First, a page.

AB de Villiers occasionally gets so daring with the bat, it's hard to tell whether he thinks he is playing a Test match or a club game. He unleashed one of his manic spells as South Africa looked for quick runs to give themselves enough time to bowl New Zealand out. de Villiers was puncturing the leg-side with boundaries but then improvised to reach his fifty with a bold move on the off-side. Mark Gillespie sent down a good length ball, de Villiers had backed away to his left and reverse paddled the ball over both gullies for four. It was so good, it may become known as the "AB scoop" in future.
South Africa were not up to their usual standard in the field in this match. Duminy put down three chances on the fourth day and another four were grassed today. Kane Williamson was let off by Alviro Petersen at gully when he was on 10. He was given a second life when de Villiers put him down on 22 at second slip. Dean Brownlie survived a chance when Graeme Smith had his body in an awkward position at first slip and could not hold on. By tea, fielding was obviously South Africa's main concern and because the break was spent practicing slip catches, but by the wrong people. Gary Kirsten was doing the catching while assistant coach Russell Domingo offered the chances. Perhaps de Villiers should have been taking catches because he dropped Doug Bracewell on 8 at second slip as the day drew to a close.
Vernon Philander usually does his talking with the ball but when he was at risk of finishing the innings without a wicket, he gave vent to his frustration. Kruger van Wyk was on the receiving end. Two balls after van Wyk got a thick outside edge over the slips off Philander, the fast bowler walked towards the batsman, stared him down and had a few words. The next ball was short and van Wyk defended. More words from Philander. Then, he had the ball to back up the words. A good length delivery that nipped away and beat the outside edge had van Wyk in no doubt about who had won the war of words. Philander did not have to say anything more. The battle was over as soon as the match was, though. Philander and van Wyk hugged and shared a joke as the players shook hands.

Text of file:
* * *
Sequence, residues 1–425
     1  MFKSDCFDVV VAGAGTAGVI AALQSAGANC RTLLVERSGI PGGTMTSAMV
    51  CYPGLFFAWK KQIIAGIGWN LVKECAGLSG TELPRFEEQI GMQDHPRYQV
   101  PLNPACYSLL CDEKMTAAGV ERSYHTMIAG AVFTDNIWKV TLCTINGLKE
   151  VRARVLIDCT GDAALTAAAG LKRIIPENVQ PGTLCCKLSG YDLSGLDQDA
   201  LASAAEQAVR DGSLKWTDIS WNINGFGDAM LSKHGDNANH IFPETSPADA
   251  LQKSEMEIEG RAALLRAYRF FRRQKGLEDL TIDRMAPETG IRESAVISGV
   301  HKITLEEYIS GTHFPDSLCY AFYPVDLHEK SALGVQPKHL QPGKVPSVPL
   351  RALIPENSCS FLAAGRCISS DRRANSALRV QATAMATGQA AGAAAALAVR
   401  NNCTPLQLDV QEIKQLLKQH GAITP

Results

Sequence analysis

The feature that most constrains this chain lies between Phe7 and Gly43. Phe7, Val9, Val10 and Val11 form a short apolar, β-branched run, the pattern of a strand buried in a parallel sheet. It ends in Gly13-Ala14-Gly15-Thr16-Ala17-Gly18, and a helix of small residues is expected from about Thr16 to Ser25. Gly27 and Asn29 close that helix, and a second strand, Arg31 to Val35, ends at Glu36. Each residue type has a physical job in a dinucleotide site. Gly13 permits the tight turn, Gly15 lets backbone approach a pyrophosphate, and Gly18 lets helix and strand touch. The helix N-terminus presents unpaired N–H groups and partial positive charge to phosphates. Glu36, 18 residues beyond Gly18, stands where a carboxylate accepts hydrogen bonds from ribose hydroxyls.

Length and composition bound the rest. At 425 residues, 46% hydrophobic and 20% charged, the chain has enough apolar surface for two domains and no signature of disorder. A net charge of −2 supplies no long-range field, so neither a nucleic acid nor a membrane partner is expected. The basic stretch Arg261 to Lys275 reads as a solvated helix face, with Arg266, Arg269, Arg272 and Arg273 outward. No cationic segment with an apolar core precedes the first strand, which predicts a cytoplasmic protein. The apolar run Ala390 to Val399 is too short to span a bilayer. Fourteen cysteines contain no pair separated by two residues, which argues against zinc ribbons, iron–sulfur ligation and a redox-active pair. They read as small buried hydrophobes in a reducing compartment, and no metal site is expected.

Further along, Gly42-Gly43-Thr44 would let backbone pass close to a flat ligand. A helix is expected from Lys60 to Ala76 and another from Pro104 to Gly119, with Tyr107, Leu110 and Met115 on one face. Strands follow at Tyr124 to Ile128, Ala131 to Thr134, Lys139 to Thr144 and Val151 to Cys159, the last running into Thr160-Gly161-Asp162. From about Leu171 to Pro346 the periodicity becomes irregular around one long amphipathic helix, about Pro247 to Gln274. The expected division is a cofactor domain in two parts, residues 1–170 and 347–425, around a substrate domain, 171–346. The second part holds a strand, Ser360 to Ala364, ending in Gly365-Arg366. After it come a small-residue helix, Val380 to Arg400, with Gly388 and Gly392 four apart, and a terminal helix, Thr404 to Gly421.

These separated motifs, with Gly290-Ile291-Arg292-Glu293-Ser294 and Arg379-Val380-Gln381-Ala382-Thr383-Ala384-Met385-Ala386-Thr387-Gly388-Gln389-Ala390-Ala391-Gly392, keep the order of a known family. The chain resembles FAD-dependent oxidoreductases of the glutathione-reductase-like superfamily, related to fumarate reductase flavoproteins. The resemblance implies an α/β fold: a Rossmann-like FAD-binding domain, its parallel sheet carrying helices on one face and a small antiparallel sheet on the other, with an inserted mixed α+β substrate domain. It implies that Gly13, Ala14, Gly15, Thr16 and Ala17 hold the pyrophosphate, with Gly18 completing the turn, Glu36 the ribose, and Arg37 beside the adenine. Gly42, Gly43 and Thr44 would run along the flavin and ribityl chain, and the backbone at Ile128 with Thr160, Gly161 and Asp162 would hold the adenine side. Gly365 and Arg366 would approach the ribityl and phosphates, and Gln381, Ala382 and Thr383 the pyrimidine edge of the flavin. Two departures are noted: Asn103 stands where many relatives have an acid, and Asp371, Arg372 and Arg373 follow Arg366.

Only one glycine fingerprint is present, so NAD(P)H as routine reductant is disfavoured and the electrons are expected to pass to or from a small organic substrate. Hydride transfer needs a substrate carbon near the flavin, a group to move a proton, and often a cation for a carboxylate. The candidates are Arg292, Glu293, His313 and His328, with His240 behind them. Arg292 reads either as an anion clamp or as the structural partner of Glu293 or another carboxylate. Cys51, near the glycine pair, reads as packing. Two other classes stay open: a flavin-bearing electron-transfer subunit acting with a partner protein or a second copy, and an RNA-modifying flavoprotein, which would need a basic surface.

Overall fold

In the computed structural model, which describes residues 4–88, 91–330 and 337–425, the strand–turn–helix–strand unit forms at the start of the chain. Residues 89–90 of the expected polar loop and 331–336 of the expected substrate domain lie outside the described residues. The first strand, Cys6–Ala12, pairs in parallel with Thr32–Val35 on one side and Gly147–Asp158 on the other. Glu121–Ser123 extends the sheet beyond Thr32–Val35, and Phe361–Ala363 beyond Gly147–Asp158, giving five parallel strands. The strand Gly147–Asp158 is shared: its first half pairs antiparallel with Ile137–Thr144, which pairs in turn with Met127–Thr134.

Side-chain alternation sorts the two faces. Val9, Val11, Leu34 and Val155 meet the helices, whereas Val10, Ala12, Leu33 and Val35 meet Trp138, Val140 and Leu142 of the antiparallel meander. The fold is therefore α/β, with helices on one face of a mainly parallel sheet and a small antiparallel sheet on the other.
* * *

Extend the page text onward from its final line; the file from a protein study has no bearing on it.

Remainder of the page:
South Africa took the new ball to bowl the last over of the match. They had to take four wickets with it and Philander was tasked with the job. Off the second delivery he had an appeal for lbw against Bracewell that was clearly going down leg. And after the third and fourth balls were defended, Graeme Smith pulled the plug on the series and the draw was called. The small Basin Reserve crowd had become more vocal as the day wore on and New Zealand hung on, and they were on their feet at the end - applauding both their batsmen and South Africa bowlers with the same gusto.
Entry was free at the Basin today but the ground was not very full - an indication of what the hard-working people of Wellington were up to instead of being at the cricket. There was at least one notable figure in attendance though. American rugby player, Eric Fry, who represented the USA at the 2011 Rugby World Cup, was at the ground. Fry is a prop forward and is currently training with the Hurricanes franchise, who are based in Wellington. The other unexpected, but welcome, visitor came in the form of traditional caramel Anzac biscuits, provided to the journalists by one of the local reporter's wives.
Firdose Moonda is ESPNcricinfo's South Africa correspondent